NIJ Journal Issue: 261 Dated: October 2008 Pages: 1-51
Seven articles report on recent research projects sponsored by the U.S. Justice Department’s National Institute of Justice (NIJ), including a cover story on the findings from the DNA Field Experiment, which investigated the cost-effectiveness of using DNA evidence to solve property crimes.
This research documented the increased number of arrests and prosecutions in five sites when DNA analysis was used with biological evidence collected at the scene of a property crime. Also discussed are the resource of implications of expanding DNA analysis to property crimes and the resulting resource demands on crime labs and criminal justice personnel and facilities. Another article focuses on research that examined the prevalence of and factors in the political and religious radicalization of inmates in prison and the threat it poses for terrorist attacks on U.S. institutions. Attention is given to the case of Kevin Lamar James and his cohorts, who had a sophisticated plan to wage war against U.S. Government and religious facilities. Another article reports on an NIJ-sponsored medical panel and its interim findings and recommendations regarding the safety and deployment of police stun guns. A fourth article describes the rationale for and the features and effectiveness of the Piedmont Regional Voice over Internet Protocol Project, which has enabled law enforcement communications across State and county borders. Another article reports on a study of the strengths, failures, and lessons learned regarding interagency coordination in responding to the 2005 London bombings. An article then addresses research on teen dating violence from a gender and developmental perspective and how it differs from violence in adult intimate partnerships. The concluding article outlines issues derived from research on the feasibility of using calming pharmaceuticals as one means for police to use in controlling hostile, belligerent, and threatening suspects.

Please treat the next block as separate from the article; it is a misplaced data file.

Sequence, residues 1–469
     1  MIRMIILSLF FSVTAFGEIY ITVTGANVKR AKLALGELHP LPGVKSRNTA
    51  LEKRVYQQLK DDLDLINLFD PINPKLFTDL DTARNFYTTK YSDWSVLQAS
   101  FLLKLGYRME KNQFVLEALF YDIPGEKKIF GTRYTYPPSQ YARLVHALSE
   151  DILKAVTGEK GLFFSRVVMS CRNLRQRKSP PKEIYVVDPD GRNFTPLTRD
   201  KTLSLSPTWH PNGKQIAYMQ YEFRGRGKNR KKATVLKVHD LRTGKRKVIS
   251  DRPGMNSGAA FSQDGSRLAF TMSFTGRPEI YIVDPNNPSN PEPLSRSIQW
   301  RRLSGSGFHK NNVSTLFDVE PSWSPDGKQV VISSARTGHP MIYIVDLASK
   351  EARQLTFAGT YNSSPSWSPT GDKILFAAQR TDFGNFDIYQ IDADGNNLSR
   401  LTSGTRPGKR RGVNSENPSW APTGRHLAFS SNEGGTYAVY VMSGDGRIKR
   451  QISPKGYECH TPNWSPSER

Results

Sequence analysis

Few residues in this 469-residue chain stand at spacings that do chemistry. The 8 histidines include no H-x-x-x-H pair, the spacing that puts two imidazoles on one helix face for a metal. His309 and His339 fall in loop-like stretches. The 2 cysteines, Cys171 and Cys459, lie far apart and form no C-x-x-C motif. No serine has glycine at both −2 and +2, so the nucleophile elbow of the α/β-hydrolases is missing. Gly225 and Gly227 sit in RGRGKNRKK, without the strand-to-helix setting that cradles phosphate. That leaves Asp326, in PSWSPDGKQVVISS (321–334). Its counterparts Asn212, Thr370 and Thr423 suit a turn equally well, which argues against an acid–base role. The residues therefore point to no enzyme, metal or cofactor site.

Date Published: October 1, 2008